Bueno R., Marciello M., Moreno M., Sánchez-Sánchez C., Martinez J.I., Martinez L., Prats-Alfonso E., Guimerà-Brunet A., Garrido J.A., Villa R., Mompean F., García-Hernandez M., Huttel Y., Morales M.D.P., Briones C., López M.F., Ellis G.J., Vázquez L., Martín-Gago J.A. ACS Omega; 4 (2): 3287 – 3297. 2019. 10.1021/acsomega.8b03152. IF: 2.584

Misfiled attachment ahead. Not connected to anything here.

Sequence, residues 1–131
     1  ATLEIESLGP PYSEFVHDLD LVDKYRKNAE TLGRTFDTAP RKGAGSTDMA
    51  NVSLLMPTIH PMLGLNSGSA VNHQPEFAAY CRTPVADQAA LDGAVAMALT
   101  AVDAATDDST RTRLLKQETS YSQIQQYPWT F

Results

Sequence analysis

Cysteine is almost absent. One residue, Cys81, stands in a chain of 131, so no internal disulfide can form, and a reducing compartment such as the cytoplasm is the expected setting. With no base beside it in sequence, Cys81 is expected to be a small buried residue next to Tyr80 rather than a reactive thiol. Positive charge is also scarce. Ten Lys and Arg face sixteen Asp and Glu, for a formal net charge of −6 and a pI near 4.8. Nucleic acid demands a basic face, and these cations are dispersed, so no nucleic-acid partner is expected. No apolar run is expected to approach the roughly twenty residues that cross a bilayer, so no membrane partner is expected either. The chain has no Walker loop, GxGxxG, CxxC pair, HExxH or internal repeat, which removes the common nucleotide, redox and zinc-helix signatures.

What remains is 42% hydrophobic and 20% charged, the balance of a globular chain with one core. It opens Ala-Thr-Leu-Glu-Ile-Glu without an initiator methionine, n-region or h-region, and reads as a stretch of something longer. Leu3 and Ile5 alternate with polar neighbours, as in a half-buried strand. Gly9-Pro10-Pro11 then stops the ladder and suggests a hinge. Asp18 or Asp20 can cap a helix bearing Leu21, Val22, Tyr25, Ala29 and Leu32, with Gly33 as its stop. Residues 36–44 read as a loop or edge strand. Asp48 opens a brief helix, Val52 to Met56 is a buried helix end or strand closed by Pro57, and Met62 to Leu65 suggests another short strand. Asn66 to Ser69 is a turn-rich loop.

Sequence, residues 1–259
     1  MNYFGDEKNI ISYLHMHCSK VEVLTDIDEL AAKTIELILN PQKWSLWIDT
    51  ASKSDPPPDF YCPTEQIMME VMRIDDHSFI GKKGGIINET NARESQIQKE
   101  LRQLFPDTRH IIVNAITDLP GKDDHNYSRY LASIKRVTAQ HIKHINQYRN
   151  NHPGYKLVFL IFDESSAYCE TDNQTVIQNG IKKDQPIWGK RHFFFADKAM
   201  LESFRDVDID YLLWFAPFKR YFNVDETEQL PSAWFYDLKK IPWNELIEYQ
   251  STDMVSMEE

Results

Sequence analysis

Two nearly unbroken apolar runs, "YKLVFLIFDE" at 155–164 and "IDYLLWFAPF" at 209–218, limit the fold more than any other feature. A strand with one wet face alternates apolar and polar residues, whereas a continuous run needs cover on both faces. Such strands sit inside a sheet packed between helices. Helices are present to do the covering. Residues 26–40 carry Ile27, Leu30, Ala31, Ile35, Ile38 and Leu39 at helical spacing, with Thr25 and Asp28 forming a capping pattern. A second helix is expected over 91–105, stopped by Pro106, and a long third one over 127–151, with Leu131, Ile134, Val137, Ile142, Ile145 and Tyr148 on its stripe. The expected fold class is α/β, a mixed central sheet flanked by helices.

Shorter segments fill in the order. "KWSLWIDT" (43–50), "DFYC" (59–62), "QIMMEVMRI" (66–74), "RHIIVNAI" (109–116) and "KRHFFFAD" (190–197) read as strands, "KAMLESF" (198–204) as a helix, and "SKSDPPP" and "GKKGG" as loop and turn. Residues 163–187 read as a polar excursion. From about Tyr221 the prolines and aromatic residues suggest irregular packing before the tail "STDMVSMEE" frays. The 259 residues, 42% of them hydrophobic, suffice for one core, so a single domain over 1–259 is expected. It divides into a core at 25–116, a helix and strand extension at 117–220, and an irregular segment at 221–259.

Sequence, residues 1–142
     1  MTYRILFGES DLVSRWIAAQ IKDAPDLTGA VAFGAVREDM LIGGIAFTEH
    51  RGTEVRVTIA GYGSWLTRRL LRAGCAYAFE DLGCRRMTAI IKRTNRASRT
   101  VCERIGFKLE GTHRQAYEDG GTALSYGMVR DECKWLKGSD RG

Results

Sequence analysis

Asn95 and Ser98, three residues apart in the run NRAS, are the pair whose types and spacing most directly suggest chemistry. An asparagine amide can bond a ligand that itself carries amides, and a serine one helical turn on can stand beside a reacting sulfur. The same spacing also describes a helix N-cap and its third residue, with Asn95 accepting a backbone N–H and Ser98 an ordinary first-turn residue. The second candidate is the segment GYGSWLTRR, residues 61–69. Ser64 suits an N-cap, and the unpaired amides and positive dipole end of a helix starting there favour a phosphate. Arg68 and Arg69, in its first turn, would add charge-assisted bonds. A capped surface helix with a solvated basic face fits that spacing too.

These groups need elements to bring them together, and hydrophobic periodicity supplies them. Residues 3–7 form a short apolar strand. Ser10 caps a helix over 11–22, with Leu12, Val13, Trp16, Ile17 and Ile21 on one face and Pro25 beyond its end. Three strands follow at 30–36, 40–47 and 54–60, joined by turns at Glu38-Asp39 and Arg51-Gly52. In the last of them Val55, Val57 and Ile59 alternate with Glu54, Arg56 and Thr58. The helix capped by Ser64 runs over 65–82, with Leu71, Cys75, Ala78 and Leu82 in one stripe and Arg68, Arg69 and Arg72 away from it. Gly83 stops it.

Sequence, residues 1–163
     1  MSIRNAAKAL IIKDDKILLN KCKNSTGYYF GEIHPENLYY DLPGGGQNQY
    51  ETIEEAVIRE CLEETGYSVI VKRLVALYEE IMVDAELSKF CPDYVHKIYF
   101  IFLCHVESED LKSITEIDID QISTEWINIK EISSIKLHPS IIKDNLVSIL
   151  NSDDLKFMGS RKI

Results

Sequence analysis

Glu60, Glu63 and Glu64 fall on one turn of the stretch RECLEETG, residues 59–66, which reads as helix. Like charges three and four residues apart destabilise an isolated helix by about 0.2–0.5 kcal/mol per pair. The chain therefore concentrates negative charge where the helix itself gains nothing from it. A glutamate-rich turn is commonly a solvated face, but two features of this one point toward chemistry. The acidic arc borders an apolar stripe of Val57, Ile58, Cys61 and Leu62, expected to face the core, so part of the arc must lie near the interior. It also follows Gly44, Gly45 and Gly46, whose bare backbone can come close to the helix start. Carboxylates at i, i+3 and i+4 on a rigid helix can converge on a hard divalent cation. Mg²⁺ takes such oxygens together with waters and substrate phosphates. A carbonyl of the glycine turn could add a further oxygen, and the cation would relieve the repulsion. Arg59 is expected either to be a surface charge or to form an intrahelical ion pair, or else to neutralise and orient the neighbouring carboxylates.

Technologically useful and robust graphene-based interfaces for devices require the introduction of highly selective, stable, and covalently bonded functionalities on the graphene surface, whilst essentially retaining the electronic properties of the pristine layer. This work demonstrates that highly controlled, ultrahigh vacuum covalent chemical functionalization of graphene sheets with a thiol-terminated molecule provides a robust and tunable platform for the development of hybrid nanostructures in different environments. We employ this facile strategy to covalently couple two representative systems of broad interest: metal nanoparticles, via S-metal bonds, and thiol-modified DNA aptamers, via disulfide bridges. Both systems, which have been characterized by a multitechnique approach, remain firmly anchored to the graphene surface even after several washing cycles. Atomic force microscopy images demonstrate that the conjugated aptamer retains the functionality required to recognize a target protein. This methodology opens a new route to the integration of high-quality graphene layers into diverse technological platforms, including plasmonics, optoelectronics, or biosensing. With respect to the latter, the viability of a thiol-functionalized chemical vapor deposition graphene-based solution-gated field-effect transistor array was assessed. © Copyright 2019 American Chemical Society.